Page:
- Did you find the information you want?
- What else factors do you care about when deciding to purchase a house?
- Does the coloring make sense to you?
- Explore the left side of the chart, and describe the information you find.
- Does the information matter for you?
- Is there any information you feel is missing?
- Check the map on the left bottom corner, and describe the information you find.
- Does the coloring make sense to you?
- Does the information provided meet with your expectation?
Users both paid attention to the right side of the chart first, which states out the regional information. In general, the information provided is less than expected, meanwhile the visual is easily understandable, and last but not least, the interactivity of the map is a little bit hard to notice.
Based on the problems discovered, I have made two major changes. The first one is I added the sentence “Try click it” in the light grey note, and the second one is I changed the “Average Median Income” displayed on the right into “Median House Value”. Due to time and scope restrictions, I did not make as much changes as the users suggested. For example, adding the commas in the data, or replacing the Gantt chart with other charts, for example, bullet graphs. There are some reported problems which I ignored, for example, the user reported the note sentence color too light, but still he successfully found and read it. In the future, more participants should be recruited to test about the usability of the chart in order to validate some existing problems and discover new ones. The final deliverable can be accessed from here.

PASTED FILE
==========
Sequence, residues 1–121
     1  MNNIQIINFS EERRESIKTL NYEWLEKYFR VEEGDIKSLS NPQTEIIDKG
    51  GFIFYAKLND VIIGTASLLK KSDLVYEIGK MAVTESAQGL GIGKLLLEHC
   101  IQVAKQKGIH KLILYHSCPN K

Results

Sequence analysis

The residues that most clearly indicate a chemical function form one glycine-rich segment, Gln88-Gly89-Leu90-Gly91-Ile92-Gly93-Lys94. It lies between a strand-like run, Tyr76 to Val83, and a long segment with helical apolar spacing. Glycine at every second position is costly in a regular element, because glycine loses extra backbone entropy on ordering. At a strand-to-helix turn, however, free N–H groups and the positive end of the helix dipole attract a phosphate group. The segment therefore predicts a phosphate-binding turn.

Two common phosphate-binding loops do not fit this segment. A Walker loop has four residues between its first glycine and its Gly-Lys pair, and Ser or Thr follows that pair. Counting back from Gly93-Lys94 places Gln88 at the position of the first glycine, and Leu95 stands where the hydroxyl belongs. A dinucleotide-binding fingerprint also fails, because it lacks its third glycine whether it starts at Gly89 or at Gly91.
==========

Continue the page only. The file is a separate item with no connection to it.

In comparison with the housing price nowadays in California. From the chart, San Francisco and Los Angeles remain the two most locations where the housing prices are the highest. The outcome is consistent with the current housing prices. Moreover, the central coast region (21.3 percent), the San Francisco Bay (20.5 percent), the central Valley (18.6 percent) has the greatest year-over-year growth rate. (noradarealestate.com, 2021) Such data is unable to reach on this visualization, which should be improved in future steps.
In the post task interviews, I asked about what factors users care about when purchasing houses. They mentioned about the HOA fee, the type of housing, for example, apartment, townhouse, condo or others. They also care about the land use rights. For next steps, more charts can be employed, such as data since 1990 to 2020. The combined data can display a more distinct view on the rise and fall of the prices, and thus help the users find opportunities to invest their money. Besides maps, infographic can be a powerful tool in representing the changes as well. These are all worth trying in improving and finalizing the visualizations in the future.